by Wilma Kjenner
Our folks, John and Sadie Salmon, arrived in the Ferguson Flats district in April 1915 from Washington, U.S.A. There were four girls in the family; Velma, May, Mildred and Wilma. We spent some time with our aunt and uncle, Clint and Alice Ferguson, until we could get the Clydesdale house cleaned up and made ready to live in. When Dad got our first house built on the homestead, we moved there. There were lots of sloughs and mosquitos by the swarms. Mother made a covering, much the same as a tent, to put over our bedsteads so we could sleep without the mosquitos bothering us. There was always a smudge outside the door of the house, to discourage those little pests. A big smudge was made every day for the stock, as they too suffered from these insects. Dad used oxen to start clearing the land but later on he could afford horses.
1918: Mr and Mrs John Salmon and Wilma
Esther Martin and l had great fun on our walk home from school together. We had to cross a bit of a creek, so our fathers had put a load of stones in it for us to cross on. There we would sit, catching frogs, big and little ones, filling our lunch pails with them. At that time our lunch pails were three pound lard pails. After filling our pails we would dump them down stream and watch them swim away. It was great sport for us to kill snakes, cutting them in half or sometimes hanging them whole over the barbed wire fence and watching them wiggle. We were told that their tails would wiggle until sundown, and we found this to be true.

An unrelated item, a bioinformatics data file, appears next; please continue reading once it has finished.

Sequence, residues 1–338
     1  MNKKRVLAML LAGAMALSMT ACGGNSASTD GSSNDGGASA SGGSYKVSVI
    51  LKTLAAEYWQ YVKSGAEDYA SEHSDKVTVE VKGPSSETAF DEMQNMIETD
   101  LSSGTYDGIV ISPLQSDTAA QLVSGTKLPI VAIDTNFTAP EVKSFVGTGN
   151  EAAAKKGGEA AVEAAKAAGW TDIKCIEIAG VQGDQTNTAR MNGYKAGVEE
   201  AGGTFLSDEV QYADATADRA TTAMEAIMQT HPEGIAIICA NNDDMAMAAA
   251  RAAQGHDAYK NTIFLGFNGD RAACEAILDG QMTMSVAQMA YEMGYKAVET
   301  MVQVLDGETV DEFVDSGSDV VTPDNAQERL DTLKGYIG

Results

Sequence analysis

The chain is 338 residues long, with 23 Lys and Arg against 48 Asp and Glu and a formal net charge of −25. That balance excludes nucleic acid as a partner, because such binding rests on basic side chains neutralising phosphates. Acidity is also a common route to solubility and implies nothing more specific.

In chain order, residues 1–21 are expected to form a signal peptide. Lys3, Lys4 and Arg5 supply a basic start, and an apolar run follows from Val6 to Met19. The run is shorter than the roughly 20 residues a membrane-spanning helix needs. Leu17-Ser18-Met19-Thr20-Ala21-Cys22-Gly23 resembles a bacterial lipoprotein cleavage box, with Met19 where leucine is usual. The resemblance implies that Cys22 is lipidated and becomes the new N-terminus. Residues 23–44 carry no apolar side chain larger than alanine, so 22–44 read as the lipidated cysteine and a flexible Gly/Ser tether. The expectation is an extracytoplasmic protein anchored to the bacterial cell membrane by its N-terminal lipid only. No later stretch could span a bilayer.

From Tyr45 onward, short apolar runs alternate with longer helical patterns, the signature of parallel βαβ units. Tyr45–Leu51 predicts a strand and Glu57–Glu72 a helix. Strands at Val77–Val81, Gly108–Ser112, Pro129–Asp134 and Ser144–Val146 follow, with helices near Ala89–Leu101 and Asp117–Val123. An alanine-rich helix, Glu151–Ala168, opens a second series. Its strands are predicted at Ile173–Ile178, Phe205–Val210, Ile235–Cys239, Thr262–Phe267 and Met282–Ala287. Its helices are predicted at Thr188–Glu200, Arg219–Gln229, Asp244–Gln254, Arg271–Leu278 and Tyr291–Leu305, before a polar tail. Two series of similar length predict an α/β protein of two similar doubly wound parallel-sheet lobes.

What fun we had in the little Fern Chapel schoolhouse! The chokecherries were plentiful and so good just out behind the school. One day we had several branches lying on the shelf, which held our lunch buckets, and the Inspector called. He paced up and down the aisles in the classroom and each time he got to the shelf, he would grab a few of our chokecherries off the branches. Many good times were enjoyed by all in the little old schoolhouse as a place for social gatherings. We had box socials and dances and folks really socialized in those times. There are none of our family living in the district now. Velma, May and Mildred are all residing in B.C. My husband and I are living in St. Paul.